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Life’s Too Short – Eat Dessert Twice!

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By Gini Rainey

In case you hadn’t noticed, The Cookbook Junkie took a bit of a vacay during the last few weeks.  I am a structured writer – I always sit down to do my blog on Sundays following lunch.  If I don’t, well, it just doesn’t seem to get done!  But I was sabotaged by Christmas Day and New Year’s Day falling on Sundays this year.  So there you go.  Now, if you didn’t miss me, that’s ok, because I bet you’ve been busy over the last few weeks too.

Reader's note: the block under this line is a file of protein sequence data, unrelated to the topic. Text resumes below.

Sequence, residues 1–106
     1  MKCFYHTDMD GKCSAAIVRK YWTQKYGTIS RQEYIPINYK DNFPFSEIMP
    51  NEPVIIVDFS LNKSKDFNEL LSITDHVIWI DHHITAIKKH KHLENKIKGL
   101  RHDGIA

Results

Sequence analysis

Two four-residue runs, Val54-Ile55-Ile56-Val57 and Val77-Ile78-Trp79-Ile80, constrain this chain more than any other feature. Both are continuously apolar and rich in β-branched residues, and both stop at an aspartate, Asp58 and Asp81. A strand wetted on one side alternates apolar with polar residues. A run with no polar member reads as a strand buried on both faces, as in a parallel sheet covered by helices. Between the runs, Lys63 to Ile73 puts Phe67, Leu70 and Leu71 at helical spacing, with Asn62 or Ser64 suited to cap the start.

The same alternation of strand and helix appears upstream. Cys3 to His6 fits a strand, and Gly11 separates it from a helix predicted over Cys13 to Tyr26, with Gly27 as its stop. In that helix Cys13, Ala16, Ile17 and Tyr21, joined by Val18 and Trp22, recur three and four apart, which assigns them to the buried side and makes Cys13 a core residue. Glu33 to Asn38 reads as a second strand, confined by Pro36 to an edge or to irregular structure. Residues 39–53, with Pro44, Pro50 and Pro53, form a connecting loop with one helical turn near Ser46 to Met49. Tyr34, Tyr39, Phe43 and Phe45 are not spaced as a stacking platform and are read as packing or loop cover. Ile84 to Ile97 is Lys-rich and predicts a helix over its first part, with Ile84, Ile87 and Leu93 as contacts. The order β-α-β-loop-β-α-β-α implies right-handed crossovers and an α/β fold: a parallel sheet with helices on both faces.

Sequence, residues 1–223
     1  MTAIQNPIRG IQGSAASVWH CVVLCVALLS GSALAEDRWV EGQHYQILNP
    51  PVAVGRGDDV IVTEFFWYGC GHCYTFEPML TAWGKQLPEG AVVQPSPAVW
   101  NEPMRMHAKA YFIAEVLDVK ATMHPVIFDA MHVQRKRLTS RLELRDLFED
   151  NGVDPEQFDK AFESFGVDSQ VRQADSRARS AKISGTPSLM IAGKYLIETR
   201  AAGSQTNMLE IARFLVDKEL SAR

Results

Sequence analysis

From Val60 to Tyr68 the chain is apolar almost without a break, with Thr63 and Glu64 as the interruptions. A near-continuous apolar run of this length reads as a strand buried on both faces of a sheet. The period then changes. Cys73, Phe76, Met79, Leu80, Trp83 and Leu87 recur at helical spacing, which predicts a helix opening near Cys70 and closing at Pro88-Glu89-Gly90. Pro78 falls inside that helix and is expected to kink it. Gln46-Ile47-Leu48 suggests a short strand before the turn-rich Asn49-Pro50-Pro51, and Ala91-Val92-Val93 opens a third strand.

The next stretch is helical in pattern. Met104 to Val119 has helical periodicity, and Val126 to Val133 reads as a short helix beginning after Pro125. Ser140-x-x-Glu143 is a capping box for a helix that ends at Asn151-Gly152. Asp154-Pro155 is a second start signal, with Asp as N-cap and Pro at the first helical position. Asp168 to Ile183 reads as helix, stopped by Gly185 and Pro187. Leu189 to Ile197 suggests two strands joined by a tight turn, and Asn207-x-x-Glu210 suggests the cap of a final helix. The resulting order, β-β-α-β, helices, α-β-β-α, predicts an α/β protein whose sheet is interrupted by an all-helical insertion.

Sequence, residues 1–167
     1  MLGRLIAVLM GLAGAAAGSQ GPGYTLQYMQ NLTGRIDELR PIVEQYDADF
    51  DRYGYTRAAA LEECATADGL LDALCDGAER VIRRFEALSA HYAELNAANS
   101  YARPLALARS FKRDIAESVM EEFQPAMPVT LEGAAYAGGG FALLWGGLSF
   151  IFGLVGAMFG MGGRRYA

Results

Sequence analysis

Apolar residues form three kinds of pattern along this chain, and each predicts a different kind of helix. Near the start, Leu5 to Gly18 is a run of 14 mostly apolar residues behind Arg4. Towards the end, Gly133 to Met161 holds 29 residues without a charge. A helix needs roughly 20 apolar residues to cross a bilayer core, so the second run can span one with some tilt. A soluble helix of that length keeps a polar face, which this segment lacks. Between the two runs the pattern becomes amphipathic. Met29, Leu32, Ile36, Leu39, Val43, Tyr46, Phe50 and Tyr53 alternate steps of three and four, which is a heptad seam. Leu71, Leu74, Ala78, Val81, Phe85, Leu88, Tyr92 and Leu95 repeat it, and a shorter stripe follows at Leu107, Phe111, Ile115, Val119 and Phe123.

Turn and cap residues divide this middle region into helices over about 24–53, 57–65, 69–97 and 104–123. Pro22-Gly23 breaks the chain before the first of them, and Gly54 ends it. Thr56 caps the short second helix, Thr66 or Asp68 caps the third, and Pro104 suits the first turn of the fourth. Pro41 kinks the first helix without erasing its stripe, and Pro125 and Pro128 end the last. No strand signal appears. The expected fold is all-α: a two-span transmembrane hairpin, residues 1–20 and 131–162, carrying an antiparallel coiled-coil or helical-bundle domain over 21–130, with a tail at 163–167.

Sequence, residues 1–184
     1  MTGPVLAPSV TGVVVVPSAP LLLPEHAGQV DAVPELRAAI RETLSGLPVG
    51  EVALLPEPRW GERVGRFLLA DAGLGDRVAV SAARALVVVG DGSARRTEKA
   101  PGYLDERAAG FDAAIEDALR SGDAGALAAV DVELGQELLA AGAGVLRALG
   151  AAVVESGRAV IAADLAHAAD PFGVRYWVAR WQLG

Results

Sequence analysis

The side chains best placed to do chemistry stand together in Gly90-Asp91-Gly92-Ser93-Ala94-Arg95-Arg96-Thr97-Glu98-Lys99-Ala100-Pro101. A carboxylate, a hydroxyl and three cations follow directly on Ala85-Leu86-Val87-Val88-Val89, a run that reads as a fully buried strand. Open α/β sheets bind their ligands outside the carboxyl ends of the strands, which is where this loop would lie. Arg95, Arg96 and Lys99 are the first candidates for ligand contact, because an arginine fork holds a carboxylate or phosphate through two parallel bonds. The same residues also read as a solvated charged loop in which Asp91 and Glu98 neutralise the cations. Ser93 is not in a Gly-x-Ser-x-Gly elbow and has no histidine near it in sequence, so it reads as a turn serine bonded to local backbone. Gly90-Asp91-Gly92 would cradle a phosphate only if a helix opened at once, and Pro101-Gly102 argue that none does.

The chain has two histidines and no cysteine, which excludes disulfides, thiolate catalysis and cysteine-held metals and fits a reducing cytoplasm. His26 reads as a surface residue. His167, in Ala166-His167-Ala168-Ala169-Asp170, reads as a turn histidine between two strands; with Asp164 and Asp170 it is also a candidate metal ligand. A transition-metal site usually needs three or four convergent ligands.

A great gift that I recently received from my sister was a quart of whipped honey from the Three Bears Honey Company, which is located right up the road from my great grandfather’s homestead outside of Moorhead, Minnesota.  While Three Bears boast that they have hundreds of beehives throughout the Red River Valley, I like to think that this jar was custom made for me by bees that were visiting the old homestead to help me stay in
touch with my roots.  My sister also gave me a companion cookbook “The Buzz on Honey” that was written by Marcella Richman and published by Jumbo Jack’s Cookbooks in 2012.  This is a great book, filled with some amazing recipes that include the common ingredient of, you guessed it, honey!  It also features photos and information about the American, North Dakota, and Minnesota Honey Queens, as well as biblical references to honey.  All in all, this is a great regional cookbook that is loaded with a lot of sweet ideas.